- It is a conceptual truth about explanation that every explanation contains an explanans considered brute for the purposes of the explanation, which is then employed to explain or account for the explanandum.
- Even if the explanans of one explanation is in turn explained by a deeper explanation (such that the explanans of the first explanation becomes the explanandum of the deeper explanation), the deeper explanation in turn will also start with an explanans considered brute for present purposes, which will in turn become the explanandum of a still deeper explanation, and so on back and back.
- It follows that no matter how far back our actual working explanations take us, the explanans furthest back must always be brutely factual (since being furthest back it is not explained in terms of a previous explanation).
- Thus, it is simply not possible that all things ever be explained through and through, leaving no brute facts whatsoever.
- Hence PSR cannot be satisfied.
- Therefore PSR cannot be true, it is necessarily false.
Mackie quickly adds: "But there is no need to see this as unsatisfactory."
If Mackie is right, it is a conceptual truth about explanation that every explanation contains a part considered brute for the purposes of the explanation. This entails that every explanation must leave brute facts in its wake. Parsons concludes from this the ultimately inevitable bruteness of existence: brute facts must collect and remain forever unresolved at the base of any explanatory chain, like coffee grounds permanently caught in the drain trap of a sink. No escape from brute contingency will ever be possible, and the theistic hope for a conclusive explanation of the whole of reality is necessarily a vain hope.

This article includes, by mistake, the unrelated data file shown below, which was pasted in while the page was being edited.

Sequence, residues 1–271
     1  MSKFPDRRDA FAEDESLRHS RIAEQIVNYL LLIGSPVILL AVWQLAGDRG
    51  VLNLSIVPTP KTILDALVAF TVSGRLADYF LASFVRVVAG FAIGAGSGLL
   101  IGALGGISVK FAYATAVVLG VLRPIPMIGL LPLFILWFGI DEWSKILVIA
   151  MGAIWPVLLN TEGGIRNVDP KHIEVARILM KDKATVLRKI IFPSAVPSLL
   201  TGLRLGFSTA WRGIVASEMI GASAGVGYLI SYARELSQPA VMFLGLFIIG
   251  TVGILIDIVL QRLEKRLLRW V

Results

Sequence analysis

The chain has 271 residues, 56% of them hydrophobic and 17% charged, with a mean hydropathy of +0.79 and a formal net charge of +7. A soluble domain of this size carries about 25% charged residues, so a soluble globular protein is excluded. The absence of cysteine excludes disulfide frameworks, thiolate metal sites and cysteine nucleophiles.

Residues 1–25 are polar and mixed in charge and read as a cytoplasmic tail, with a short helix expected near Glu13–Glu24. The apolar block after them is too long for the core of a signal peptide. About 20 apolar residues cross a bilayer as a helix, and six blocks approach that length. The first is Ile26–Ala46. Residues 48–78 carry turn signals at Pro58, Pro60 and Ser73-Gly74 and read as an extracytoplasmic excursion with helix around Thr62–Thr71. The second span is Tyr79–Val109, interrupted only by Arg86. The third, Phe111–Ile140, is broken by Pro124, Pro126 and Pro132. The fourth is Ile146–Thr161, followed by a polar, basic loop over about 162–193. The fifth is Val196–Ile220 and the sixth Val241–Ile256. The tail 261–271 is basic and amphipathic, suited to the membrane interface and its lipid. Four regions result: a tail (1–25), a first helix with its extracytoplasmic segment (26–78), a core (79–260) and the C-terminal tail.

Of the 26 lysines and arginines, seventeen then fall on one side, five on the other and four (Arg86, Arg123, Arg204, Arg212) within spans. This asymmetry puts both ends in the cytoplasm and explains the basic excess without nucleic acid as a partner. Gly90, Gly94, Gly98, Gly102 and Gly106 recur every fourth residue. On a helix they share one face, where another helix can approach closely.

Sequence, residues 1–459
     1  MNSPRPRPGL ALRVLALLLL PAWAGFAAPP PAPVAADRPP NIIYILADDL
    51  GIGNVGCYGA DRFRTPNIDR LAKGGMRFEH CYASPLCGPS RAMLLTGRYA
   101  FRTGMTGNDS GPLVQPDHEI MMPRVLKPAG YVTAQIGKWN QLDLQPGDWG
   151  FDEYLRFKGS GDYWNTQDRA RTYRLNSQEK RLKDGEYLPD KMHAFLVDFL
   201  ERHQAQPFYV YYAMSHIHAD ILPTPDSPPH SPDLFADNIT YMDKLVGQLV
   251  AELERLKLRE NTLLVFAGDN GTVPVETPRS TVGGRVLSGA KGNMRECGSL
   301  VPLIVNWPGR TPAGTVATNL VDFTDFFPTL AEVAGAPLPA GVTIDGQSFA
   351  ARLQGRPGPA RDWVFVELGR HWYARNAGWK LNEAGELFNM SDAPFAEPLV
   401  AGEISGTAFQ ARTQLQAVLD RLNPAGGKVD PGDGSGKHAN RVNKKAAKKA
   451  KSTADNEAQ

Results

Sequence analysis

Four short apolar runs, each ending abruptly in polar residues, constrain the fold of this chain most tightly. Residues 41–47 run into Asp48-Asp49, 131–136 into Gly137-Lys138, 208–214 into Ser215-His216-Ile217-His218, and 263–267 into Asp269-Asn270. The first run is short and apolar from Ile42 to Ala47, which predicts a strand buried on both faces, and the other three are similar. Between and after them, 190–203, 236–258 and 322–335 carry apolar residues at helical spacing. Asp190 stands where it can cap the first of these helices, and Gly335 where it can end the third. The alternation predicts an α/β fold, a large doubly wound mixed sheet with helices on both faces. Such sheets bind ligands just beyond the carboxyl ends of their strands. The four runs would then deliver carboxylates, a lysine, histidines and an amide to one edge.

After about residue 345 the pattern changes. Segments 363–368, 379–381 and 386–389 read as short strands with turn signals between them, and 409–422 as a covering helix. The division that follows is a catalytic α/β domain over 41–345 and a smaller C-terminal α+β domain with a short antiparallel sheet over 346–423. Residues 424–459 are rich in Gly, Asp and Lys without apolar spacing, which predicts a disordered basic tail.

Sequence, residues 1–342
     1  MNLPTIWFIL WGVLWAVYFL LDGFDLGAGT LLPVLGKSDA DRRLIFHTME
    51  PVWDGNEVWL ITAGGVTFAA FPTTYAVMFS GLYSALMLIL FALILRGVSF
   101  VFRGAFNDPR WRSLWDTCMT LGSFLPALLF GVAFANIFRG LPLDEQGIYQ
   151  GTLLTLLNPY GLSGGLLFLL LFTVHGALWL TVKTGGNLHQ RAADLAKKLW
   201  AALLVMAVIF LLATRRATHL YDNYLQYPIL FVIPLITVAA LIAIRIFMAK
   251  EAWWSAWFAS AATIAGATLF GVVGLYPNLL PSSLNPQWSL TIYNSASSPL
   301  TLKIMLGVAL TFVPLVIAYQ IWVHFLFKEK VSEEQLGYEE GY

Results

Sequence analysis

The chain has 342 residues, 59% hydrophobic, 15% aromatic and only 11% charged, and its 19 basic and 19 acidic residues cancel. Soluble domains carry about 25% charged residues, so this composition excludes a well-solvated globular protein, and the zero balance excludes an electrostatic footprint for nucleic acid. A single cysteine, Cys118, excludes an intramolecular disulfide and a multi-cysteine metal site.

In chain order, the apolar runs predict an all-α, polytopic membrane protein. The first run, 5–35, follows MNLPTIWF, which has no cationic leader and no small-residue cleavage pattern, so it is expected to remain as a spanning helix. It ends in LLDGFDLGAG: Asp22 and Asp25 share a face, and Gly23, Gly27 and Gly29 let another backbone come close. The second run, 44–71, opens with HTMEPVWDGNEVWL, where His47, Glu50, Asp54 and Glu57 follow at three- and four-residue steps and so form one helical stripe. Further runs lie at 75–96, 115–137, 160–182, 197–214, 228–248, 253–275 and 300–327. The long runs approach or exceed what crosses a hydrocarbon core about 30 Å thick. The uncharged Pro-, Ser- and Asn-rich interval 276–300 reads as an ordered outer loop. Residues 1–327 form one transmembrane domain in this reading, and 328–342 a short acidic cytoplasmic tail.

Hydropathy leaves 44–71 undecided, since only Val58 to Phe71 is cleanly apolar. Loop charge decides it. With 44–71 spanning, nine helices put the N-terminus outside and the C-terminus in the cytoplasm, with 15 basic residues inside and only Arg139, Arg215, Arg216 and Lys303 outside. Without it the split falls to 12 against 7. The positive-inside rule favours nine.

After quoting (and endorsing) Mackie's argument, Parsons makes a telling comment:
If we repudiate the PSR, then we will no longer automatically infer that the fact that something lacks an explanation means that it requires one. It might well be entirely reasonable for some logically contingent things just to be and to have no reason for their existence (my emphasis).
The upshot: If Mackie's argument is sound, brute (unexplained) facts will always be with us; they are an unavoidable facet of our contingent existence, an unconquerable mountain standing in the way of our explanatory powers. I consider Mackie's argument to be a very important one: it is, in a sense, his Gödel's Incompleteness Proof for explanation. But is Mackie right?